Critical Perspectives in Career Guidance Research
The British Journal of Guidance and Counselling has just published a new special issue focused on critical perspectives in career and career guidance research. The issue is edited by Tristram Hooley (NICEC fellow), Rie Thomsen (NICEC International Fellow) and their colleague Professor Kristina Mariager-Anderson. This issue presents 13 articles exploring the value of critical theory to careers research, including one by Fiona Christie who is also a NICEC fellow. The editorial for the special issue is available in open access and you can see the full issue on the British Journal of Guidance and Counselling website at https://www.tandfonline.com/toc/cbjg20/50/4
The special issue brings together a range of articles which explore how critical theory can develop the language and concepts used by career development and career guidance.
The first three articles in the special issue draw on critical psychology. In the first article, Skovhus and Thomsen introduce critical psychology and show how it can inform the practice of career guidance. In the second article, McCrory discusses examines agency, recognising both its possibilities and its limitations. In the final article in this category, Casanova, Costa, Lawthom and Coimbra analyse the discussion of psychologists to explore how they discuss how socio-political issues in relation to their practice, for instance, in terms of constructing the employable individual, and also in terms of recognising the limitations of individual psychological approaches and explanations.
The second category of articles focuses on the interaction between the individual and structures. This focus is central in relational sociology, which uses the notion that what constitutes social life is transactions, interactions, social ties and conversations, and that society “is relation”, rather than a space “containing” relations. In the first article in this section, Bilon and Thomsen also explore the concept of agency and examine its use in career guidance theory. In the second article, Toiviannen proposes the idea of co-agency to express the embedded, co-constructed and political nature of agency. In the third paper in this section, Rice, Leary and Klatt focus on how structural, contextual and institutional conditions influence the construction of individual agency in career development policy.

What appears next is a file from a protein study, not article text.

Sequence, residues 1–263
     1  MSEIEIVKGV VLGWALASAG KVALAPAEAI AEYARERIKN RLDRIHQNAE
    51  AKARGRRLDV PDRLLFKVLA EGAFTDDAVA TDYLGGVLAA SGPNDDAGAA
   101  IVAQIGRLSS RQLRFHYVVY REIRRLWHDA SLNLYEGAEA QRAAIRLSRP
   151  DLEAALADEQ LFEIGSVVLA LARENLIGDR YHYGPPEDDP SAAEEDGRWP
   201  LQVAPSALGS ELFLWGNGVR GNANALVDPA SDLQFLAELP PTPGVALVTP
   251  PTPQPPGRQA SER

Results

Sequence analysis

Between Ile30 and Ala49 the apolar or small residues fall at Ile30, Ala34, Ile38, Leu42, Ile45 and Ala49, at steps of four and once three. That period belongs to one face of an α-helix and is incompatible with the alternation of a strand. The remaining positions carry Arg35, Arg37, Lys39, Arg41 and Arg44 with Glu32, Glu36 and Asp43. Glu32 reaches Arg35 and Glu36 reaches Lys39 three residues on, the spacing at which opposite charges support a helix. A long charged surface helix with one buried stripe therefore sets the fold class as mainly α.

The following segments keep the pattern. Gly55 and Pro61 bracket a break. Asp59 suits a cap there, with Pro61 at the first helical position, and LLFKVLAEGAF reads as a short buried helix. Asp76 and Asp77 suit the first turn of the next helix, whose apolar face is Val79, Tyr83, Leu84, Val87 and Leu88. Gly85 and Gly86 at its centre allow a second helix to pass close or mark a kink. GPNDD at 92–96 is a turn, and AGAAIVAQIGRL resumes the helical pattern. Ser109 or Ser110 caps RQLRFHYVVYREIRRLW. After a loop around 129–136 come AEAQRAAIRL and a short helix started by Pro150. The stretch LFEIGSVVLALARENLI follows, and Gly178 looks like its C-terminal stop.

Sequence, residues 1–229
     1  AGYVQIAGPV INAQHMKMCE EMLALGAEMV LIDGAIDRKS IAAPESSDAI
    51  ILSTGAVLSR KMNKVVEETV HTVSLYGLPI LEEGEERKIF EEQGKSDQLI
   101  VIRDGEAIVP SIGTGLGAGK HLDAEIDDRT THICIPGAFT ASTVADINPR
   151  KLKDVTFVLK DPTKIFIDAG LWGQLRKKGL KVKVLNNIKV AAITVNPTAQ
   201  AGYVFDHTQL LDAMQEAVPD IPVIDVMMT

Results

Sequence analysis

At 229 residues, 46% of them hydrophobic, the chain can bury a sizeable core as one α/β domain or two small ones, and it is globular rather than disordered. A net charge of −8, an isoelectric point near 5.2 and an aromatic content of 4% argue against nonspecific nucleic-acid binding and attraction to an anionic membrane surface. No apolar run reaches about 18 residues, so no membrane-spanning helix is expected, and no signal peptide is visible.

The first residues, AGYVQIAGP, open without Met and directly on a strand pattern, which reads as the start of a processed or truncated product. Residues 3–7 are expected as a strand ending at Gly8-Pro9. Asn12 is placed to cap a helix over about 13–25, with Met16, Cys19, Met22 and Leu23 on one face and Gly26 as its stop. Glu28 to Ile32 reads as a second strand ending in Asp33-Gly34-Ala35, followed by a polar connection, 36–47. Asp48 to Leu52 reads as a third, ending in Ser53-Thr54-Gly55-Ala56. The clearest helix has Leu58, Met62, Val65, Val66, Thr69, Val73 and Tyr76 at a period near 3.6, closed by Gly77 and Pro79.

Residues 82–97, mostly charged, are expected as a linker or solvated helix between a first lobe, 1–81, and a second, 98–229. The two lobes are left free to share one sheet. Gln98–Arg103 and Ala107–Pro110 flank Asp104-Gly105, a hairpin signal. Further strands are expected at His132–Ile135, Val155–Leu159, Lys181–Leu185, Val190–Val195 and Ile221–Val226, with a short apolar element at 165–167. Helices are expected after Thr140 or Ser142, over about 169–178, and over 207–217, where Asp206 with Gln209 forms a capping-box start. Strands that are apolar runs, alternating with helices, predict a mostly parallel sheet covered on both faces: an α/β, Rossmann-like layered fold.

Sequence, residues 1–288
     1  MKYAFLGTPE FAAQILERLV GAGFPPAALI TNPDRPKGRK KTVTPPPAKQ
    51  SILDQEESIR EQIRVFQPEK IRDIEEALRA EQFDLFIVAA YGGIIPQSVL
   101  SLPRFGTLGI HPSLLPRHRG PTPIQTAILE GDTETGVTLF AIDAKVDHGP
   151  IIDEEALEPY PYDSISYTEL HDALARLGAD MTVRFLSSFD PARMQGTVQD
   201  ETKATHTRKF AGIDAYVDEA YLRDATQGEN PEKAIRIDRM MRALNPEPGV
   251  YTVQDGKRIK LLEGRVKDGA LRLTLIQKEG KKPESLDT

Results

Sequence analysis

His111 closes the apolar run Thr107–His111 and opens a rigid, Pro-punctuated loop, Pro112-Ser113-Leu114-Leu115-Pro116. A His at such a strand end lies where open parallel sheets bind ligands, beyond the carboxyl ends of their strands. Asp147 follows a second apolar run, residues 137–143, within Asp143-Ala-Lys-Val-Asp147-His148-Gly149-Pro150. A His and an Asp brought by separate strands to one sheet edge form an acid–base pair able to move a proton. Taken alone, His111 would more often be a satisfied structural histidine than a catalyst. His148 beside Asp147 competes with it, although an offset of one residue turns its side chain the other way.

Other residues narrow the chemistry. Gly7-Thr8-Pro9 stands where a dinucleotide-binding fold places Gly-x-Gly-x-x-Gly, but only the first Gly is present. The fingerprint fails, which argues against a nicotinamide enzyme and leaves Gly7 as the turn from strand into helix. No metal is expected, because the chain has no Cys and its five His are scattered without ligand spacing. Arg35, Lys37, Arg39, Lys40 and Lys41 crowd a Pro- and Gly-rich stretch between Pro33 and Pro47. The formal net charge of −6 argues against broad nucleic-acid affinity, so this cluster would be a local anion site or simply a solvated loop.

The next two papers in this theme focus on antiracism, with Souto and Sotkasiira discussing the importance of intersectionality and anti-racism in career guidance and Dorter and Damani looking at the employment experiences of migrants as they move into work and face racism.
The final category of papers in this special issue draw on radical poststructuralist theories and post-Marxist traditions. These theories are interested in the role of language in constructing social reality and shaping the possibilities for political change and struggle. Bengtson begins this section through an exploration of power inequalities in the guidance process. In the next article Vahidi, Arnold and Barnard unmask power and ideology in press representations of the concept of career. The third article in this section sees Reid and Kelestyn use Bacchi’s “What's the Problem Represented to Be?” approach to explore and unmask the use of the concept of employability within higher education. Cunningham and Christie also focus on the themes of employability and employment in their article. Finally, Hooley’sarticle, he undertakes a radical re-reading of Ali and Graham’s counselling approach to career guidance.